Equality in Louisiana's Prisons
The American Prison is a harsh landscape offering few pleasant accommodations, designed solely for retribution and restitution. Being incarcerated means learning to retool and refashion routines and methods for daily life. The simplest tasks, like taking a shower, become a challenging exercise of negotiation. Consider what most people need for a shower: soap at the very least and in some instances, a razor or conditioner. These sundry items are, to those on the outside, easily accessible. These can easily be added to a routine grocery shopping list and picked up when convenient. But for the prisoner, choices must be made about what to buy and how it is best rationed out, dependent on earned income and the financial support of those on the outside. Everything comes at a high cost in prison and as such, must be earned or traded. At the very least, however, prisons should provide essentials that afford and extend human dignity. That is why it may come to a great surprise that some incarcerated people are impacted by the cost of these basics needs in a disproportionate manner. This is especially true for women, who are burdened by feminine care that must be met to ensure comfort, hygiene, and health. This is non-negotiable. And yet in many facilities, tampons and pads are a costly expense. These costs are a barrier to well-being and can have an even greater deleterious impact on prison outcomes. Women without this access may turn to any number of substitutes like paper towels, rags, or clothing. This raises the risks for infection and can serve as vectors for the spread of diseases among other inmates.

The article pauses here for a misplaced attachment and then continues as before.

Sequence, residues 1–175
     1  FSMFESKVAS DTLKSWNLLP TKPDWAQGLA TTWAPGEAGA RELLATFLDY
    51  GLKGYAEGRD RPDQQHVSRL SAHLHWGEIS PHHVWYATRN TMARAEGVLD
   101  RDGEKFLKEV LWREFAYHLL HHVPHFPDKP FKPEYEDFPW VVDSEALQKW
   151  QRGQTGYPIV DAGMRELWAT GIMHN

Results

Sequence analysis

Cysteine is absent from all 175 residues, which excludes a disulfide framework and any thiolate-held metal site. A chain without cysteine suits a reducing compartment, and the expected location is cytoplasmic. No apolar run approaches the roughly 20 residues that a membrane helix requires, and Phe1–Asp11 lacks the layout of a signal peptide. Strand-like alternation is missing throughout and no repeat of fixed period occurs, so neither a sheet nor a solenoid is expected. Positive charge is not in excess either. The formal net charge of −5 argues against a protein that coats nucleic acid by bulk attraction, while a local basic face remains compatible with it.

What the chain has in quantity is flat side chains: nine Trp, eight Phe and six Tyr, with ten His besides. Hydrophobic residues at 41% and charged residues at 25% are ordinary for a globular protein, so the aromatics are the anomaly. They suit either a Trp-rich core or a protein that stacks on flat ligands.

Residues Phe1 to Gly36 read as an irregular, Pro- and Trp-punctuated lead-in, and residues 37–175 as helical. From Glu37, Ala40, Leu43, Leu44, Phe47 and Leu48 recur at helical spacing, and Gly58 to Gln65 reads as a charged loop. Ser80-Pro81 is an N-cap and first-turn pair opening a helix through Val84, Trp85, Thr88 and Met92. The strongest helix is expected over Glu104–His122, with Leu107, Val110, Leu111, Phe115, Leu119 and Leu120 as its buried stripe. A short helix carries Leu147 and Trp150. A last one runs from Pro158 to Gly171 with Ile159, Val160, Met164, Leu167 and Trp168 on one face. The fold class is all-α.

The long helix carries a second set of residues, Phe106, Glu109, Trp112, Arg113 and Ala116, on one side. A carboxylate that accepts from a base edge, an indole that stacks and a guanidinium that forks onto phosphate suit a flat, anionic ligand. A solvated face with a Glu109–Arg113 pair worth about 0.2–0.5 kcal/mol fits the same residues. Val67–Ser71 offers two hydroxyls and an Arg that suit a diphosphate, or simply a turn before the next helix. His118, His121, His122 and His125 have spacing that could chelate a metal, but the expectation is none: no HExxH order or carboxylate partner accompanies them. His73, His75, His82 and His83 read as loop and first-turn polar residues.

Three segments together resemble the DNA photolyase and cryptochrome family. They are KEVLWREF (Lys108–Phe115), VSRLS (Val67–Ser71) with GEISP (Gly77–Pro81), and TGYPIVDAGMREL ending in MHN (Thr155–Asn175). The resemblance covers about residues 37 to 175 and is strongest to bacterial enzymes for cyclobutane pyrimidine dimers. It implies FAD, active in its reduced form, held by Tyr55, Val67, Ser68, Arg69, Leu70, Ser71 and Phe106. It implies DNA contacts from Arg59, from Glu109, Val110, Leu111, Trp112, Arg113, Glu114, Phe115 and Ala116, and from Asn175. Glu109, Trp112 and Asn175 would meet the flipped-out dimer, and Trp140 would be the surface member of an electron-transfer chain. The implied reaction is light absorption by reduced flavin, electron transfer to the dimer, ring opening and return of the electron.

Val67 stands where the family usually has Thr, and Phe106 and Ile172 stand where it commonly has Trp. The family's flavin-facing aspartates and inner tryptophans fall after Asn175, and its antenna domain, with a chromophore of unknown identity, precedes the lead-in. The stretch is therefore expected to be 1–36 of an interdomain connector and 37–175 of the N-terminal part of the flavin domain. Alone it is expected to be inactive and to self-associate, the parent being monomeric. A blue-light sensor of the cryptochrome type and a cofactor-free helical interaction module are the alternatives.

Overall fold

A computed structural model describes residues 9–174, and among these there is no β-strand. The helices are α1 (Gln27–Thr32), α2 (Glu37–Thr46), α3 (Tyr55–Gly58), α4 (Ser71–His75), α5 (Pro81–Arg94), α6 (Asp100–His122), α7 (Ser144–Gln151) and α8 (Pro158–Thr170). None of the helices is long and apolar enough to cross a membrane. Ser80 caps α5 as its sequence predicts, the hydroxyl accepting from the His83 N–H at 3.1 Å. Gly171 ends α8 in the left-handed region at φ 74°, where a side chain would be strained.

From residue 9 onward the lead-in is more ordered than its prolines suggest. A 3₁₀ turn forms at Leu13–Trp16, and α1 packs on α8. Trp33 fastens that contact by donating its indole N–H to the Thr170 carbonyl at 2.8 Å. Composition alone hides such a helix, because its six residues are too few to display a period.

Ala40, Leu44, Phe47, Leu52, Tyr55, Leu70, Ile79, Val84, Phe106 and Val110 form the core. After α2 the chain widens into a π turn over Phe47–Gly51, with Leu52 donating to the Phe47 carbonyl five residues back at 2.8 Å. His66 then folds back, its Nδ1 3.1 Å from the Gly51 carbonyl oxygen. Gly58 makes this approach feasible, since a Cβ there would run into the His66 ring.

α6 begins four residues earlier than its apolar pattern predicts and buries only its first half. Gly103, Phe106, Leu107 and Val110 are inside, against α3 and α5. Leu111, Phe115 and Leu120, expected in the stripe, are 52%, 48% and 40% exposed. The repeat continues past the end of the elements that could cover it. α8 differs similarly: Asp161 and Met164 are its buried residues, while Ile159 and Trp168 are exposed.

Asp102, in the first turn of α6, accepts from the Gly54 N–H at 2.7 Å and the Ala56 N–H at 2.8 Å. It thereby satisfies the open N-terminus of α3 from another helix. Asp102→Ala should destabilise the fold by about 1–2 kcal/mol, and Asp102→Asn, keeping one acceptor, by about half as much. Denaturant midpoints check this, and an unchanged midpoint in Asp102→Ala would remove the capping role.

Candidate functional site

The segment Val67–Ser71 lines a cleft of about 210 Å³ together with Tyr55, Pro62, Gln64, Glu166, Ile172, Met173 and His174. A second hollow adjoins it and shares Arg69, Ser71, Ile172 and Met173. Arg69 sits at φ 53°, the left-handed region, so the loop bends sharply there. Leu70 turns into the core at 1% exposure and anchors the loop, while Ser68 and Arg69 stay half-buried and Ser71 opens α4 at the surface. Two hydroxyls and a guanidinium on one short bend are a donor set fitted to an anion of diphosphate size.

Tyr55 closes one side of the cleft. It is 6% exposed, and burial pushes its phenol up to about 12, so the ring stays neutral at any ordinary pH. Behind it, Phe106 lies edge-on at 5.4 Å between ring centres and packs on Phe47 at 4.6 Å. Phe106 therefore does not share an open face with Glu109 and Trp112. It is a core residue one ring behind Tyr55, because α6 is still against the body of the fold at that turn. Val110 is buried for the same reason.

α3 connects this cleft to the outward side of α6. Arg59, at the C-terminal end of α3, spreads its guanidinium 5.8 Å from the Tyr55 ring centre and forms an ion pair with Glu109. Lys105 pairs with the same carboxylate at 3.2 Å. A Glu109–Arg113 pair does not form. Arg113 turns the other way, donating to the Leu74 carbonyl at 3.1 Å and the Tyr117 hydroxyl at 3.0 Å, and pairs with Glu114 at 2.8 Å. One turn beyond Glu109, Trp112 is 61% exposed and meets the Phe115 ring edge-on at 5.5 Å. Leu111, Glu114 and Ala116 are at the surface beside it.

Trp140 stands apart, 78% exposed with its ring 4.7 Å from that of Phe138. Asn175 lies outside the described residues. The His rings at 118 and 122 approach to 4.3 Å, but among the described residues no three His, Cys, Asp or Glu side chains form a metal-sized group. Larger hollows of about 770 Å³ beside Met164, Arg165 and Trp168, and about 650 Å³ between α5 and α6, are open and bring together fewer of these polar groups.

Simply put, something like menstrual hygiene products should never be considered a luxury. A few months ago, I wrote an essay that looked at the specific issues of women post-incarceration in the re-entry phase and raised the visibility of topics like childcare, drug and alcohol dependence, and mental health. Now we turn to the needs of women while incarcerated, specifically those that serve necessary to physical, mental, and emotional health. To get a better understanding of what it means to shoulder the cost of commodities while incarcerated, consider the math. In Louisiana, the average inmate earns between $0.04 and $1.00 per hour. The average cost of a pack of menstrual pads is prohibitively high at 8.00. This means that without a supportive family network, even the most skilled and experienced female inmate must spend several days of pay to guarantee personal comfort and avoid having to turn to more desperate alternatives. In 2017, the Federal Bureau of Prisons moved to guarantee free feminine care products. The problem: most female inmates are housed in state and local facilities. Because these deficits need to be addressed at the state-level, many states including Virginia and Colorado moved to close the gaps in coverage. Given this, I was near ecstatic to see Louisiana’s legislature move SB558, first introduced by State Senator Regina Barrow, to Governor John Bell Edwards desk. The bill once signed will now require all state and local facilities to meet the women’s hygiene needs free of charge. This means that the more than 2,000 women incarcerated in state and local facilities will not have to again experience the indignity of access to life essentials. This move will not only ensure healthier choices but will be more cost-efficient. The Justice and Accountability Center of Louisiana has committed itself to finding solutions to the barriers created by the criminal justice system and as such, applaud this recent development as a huge step for gender equality and access to healthcare.